Title: Confronting Christianity: 12 Hard Questions for the World’s Largest Religion
Author: Rebecca McLaughlin
“It is not the answer that enlightens, but the question.”
With that quote from Eugene Ionesco in mind, I’m excited to recommend Rebecca McLaughlin’s most recent offering, Confronting Christianity. McLaughlin, who holds a PhD from Cambridge and a theology degree, tackles a dozen of the toughest questions levelled against the Christian faith — and does so perceptively and honestly.
Sometimes, I struggle to know the best way to format these book reviews, but here, I’d simply like to provide a paragraph each for several of my favourite chapters, with some of my favourite quotes and ideas from the book mixed in.
However, as always, I’d highly encourage you to dig in and read or listen to the book yourself!
Tragically, many associate Christianity with Western ideas, harsh colonialisation, and/or white supremacy. But Confronting Christianity reminds us that these are pretty much the opposite of what the faith historically has been about.
Open the Bible and you’ll see a faith that tore down racial boundaries, scandalised the status quo with spiritual equality, and thrived in cultures all over the world. “American churches often fail to live up to the ideals of biblical diversity” (p. 44), but the author makes a case for why our faith is still “the most diverse, multiethnic, and multicultural movement in all of history” (p.45).
As someone who loves science, I appreciated this chapter. McLaughlin gives a nice overview of the relationship between faith and science, reminding us that not only have many of science’s pioneers been Christians, but there are believers today who are expanding our knowledge of the natural world.
A rational God made this vast and incredible universe — and He’s given us the ability to explore and discern it.
This is a terrific chapter. We’ve all met alarmingly patriarchal, chauvinistic Christians who have an imbalanced view of men and women. But consider Jesus: He had the power to calm storms, but the tenderness to care for children and welcome the weak. Stated simply, He was the ultimate man (p. 143).
Consider the early Christian church too: it was likely majority female (p. 144). And consider Ephesians 5: yes, Paul calls wives to submit to their husbands, but in the same breath tells husbands, “Love your wives, as Christ loved the church and gave Himself up for her.”
“How did Christ love the church?” McLaughlin asks. “By dying on the cross; by giving Himself, naked and bleeding, to suffer for her; by putting her needs above His own; by sacrificing everything for her” (p. 140).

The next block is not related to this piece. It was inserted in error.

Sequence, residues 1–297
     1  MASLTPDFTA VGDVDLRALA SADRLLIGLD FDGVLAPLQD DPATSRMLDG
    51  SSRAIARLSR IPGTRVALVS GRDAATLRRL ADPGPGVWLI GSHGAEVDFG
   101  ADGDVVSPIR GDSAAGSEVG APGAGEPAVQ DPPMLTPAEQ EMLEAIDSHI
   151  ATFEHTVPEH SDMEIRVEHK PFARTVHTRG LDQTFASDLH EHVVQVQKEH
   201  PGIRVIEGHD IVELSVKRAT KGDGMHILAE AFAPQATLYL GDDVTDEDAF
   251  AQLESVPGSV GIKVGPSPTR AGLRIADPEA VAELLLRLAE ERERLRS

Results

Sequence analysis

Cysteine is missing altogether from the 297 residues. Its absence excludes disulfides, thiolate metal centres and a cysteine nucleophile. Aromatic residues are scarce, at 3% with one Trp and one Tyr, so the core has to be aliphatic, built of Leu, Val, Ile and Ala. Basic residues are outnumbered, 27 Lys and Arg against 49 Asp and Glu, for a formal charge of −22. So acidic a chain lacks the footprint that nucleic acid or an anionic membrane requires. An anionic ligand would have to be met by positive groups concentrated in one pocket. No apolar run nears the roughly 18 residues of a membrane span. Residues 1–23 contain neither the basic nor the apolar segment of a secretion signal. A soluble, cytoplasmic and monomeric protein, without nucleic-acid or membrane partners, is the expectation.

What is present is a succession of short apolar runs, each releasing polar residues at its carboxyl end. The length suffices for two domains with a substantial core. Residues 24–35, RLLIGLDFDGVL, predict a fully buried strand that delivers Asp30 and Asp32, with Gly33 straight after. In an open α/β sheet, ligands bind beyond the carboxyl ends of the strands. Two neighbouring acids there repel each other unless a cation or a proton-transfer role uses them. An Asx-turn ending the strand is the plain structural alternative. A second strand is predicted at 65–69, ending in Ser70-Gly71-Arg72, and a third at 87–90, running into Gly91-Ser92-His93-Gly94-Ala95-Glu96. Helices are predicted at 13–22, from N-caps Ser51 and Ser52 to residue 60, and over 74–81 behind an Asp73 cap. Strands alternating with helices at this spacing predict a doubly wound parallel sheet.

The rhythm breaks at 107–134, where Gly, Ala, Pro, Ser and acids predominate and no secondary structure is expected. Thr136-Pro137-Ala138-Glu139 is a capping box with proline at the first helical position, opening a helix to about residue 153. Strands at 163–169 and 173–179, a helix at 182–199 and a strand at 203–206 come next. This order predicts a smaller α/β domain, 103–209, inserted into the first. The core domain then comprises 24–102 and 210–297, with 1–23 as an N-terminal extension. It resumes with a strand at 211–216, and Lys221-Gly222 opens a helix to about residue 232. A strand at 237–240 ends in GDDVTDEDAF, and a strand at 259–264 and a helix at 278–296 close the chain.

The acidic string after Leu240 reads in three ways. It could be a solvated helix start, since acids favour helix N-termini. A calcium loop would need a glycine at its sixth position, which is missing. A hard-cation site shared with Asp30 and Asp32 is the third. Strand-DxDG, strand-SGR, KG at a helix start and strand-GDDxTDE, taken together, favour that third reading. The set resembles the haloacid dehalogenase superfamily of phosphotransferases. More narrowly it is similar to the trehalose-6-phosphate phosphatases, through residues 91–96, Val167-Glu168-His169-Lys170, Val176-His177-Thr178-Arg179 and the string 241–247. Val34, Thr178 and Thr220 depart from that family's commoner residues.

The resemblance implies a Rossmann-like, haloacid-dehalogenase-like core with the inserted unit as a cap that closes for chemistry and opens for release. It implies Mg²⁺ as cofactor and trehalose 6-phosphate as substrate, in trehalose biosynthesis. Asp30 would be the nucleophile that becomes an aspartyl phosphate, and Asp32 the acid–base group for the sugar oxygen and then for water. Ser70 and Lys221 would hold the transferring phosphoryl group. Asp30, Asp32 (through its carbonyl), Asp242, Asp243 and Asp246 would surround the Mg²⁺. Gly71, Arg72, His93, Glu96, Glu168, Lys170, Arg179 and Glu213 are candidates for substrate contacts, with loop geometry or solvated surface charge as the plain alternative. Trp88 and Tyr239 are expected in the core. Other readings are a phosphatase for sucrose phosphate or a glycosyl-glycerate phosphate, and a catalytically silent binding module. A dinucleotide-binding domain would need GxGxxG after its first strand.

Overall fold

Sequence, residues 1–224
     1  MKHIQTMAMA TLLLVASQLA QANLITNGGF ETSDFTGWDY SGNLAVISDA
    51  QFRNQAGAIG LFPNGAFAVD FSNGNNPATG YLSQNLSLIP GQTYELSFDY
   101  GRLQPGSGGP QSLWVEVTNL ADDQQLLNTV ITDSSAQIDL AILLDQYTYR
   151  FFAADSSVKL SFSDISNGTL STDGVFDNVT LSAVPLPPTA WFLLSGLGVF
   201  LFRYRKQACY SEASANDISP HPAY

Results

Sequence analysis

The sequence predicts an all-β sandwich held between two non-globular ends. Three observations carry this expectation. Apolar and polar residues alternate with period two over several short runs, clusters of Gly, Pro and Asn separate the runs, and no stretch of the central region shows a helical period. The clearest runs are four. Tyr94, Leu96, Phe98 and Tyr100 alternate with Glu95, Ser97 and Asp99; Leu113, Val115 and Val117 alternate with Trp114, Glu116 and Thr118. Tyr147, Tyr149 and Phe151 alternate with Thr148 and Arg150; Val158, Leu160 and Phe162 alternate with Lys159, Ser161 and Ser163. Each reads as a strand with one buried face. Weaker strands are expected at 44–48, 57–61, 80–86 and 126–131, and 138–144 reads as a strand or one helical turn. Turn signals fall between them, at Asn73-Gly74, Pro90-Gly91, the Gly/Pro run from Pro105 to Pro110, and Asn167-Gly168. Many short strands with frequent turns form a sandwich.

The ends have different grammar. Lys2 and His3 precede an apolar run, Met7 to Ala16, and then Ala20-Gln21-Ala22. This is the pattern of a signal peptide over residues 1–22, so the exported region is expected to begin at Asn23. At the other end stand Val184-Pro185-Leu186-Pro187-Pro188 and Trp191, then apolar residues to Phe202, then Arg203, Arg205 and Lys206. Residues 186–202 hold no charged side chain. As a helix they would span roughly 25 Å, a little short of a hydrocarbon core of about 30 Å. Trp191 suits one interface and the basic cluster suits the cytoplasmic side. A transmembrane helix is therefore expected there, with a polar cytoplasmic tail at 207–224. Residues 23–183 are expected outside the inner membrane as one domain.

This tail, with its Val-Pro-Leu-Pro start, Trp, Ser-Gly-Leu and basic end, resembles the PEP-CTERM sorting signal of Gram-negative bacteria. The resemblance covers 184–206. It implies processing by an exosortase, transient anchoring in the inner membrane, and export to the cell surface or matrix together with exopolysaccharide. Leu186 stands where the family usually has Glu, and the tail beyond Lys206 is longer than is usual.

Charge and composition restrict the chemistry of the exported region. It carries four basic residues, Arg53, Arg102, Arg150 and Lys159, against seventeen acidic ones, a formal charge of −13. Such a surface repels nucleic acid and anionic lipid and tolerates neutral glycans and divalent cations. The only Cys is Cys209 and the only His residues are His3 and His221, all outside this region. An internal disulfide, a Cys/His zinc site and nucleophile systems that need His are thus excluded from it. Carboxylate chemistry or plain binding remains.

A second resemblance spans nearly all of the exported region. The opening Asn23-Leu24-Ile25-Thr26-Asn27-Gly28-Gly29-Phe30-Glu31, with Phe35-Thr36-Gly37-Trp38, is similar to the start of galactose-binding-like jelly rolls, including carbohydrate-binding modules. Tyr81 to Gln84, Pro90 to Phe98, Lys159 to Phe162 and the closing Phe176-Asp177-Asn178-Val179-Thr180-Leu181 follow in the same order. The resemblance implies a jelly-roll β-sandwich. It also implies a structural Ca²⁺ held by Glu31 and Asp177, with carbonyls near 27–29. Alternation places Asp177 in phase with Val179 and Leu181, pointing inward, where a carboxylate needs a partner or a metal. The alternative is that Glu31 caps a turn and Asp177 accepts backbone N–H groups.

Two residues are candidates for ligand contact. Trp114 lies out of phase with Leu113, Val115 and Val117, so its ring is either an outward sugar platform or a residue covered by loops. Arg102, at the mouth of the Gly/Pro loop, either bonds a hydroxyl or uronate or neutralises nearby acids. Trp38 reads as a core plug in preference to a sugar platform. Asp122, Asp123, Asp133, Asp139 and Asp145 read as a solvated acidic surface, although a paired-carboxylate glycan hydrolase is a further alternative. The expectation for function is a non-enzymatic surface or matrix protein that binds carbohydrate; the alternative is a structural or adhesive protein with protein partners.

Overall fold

Chapter nine is my favourite of the entire book. Here, McLaughlin shares her story of same-sex attraction, of falling in love with other girls and praying that her desires would go away (p. 153). She suggests that even though God calls us to limit sexual intimacy to heterosexual marriage, other types of love and friendship are not lesser things.
Whether you’re married or single, we all have loves and temptations that are off-limits, but remember, sex is not the highest type of love. According to Jesus, who was never married, sacrificial love is (p. 157). “Blue-blood heterosexuality is not the goal of the Christian life: Jesus is” (p. 153).
This chapter explores “the hardest question in this book”, McLaughlin states. She begins by considering the popular views of Sam Harris, who says there is no free will, and that we are not independent, free agents, but rather the product of our circumstances. But if no one deserves judgement, McLaughlin wonders, then “then no act of moral courage is real either” (p. 211). If the Boston bombers were the helpless products of their backgrounds and don’t deserve punishment, then heroes likes Harriet Tubman and Rachel Denhollander can’t be praised either.
But then McLaughlin turns our attention to the cross, where we see Jesus, “Not the passive victim of God’s wrath. He is God Himself. … Jesus is both executioner and condemned” (p. 217). Justice and forgiveness kissed. We’re all vastly more sinful than we realise, but here’s the scandal of grace: though sin deserves punishment, though we’re broken and bruised, everyone who comes to Christ can be forgiven and healed (p. 221).
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